* Aim for 5 or more servings of grains each day.This may include 1/2 cup of hot cereal, 1 oz. of dry cereal, or 1 slice of bread. Each serving contains roughly 3 grams of protein.
* Aim for 3 or more servings of vegetables each day. This may include 1 cup of raw vegetables, 1/2 cup of cooked vegetables, or 1/2 cup of vegetable juice. Each serving contains about 2 grams of protein.
* Aim for 2 to 3 servings of legumes each day. This may include 1/2 cup of cooked beans, 4 oz. of tofu or tempeh, 8 oz. of soymilk, and 1 oz. of nuts. Protein content can vary significantly, particularly with soy and rice milks, so be sure to check labels. Each serving may contain about 4 grams to 10 grams of protein. Meat analogues and substitutes are also great sources of protein that can be added to your daily diet.
What you should be looking for in a healthy long term diet.
• Consists primarily of fresh, unprocessed plants (fruits, vegetables, nuts and seeds) which can be made into a variety of delicious recipes (raw food chefs are especially good at this craft).
• Minimizes consumption of meat or animal products (including dairy).
• Avoids virtually all processed, manufactured foods and beverages, or only uses them sparingly.
• Consists of a wide variety of different foods so that phytonutrient diversity is high, providing consumers with a steady supply of plant-based medicine that prevents disease.
• Includes substantial time outdoors, in nature, where vitamin D can be created and stored in the body.
• Minimizes or eliminates all refined sugars and carbohydrates (like white flour).
• Eliminates GMOs from the food supply in order to avoid the health damage caused by GM foods.
• Minimizes consumption of foods sprayed with chemical pesticides or fungicides. This not only helps prevent disease caused by such chemicals; it also protects the environment from chemical contamination.
• Incorporates adequate hydration from clean water (while avoiding dubious liquids such as sodas and sports drinks).
• Includes nutritional supplementation to correct nutritional imbalances or deficiencies. (This can be accomplished through superfoods, food-based vitamins, etc.)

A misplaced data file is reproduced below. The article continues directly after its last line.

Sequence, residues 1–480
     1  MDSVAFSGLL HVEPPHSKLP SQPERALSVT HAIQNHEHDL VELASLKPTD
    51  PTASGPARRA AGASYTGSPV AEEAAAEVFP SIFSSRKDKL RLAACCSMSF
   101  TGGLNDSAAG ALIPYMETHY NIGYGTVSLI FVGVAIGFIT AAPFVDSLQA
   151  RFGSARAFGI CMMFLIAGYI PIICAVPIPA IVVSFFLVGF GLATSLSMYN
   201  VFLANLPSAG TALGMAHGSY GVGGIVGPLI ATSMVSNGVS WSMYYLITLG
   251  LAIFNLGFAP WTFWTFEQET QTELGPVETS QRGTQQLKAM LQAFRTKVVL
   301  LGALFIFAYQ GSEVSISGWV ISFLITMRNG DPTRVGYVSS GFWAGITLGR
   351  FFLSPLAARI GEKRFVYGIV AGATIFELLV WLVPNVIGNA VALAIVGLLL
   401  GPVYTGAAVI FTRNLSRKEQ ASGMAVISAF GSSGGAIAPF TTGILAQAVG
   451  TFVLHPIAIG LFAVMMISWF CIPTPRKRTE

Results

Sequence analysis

1. Drink more coffee or tea.
If caffeine does not bother you then have a little coffee or tea in the morning to give you a boost to get you started in your day!
2. When on vacation, try to exercise.
When on a vacation try to get some exercise each day to help you burn off those excess calories you consume and help you not feel so guilty when you get home.
3. Keep you carbs low, but your protein high!
You do not want to cut carbs out altogether, because you will need them for energy. Just choose from healthy complex carbs such as sweet potatoes, brown rice, whole grain bread, and veggie pastas! Choose from chicken, turkey, white pork, lean red meat, fish, and egg whites for your lean meat and low-fat protein choices.
If you want to try some low-carb protein bars.
4. When you eat out, go lean.
When you do have to eat out get a lean meat and veggie meal and no fries, smothered potatoes, fried chicken and gravy or greasy burgers!
5. Get 8 hours of rest per night. Take a nap if needed.
Make sure you get at least eight hours of rest per night and a half hour to an hour and a half nap in the afternoon preferably! This will keep you immune system strong and help you be stronger and livelier throughout your day!
6. Eliminate stress.
Keep stress to a minimum so you will not gorge yourself with food to help you deal with stressors in your life!
7. Keep an active social life.
Keep an active social life so you will not stay around the house all the time and be tempted by food constantly.
8. Eat 5 – 6 small meals a day.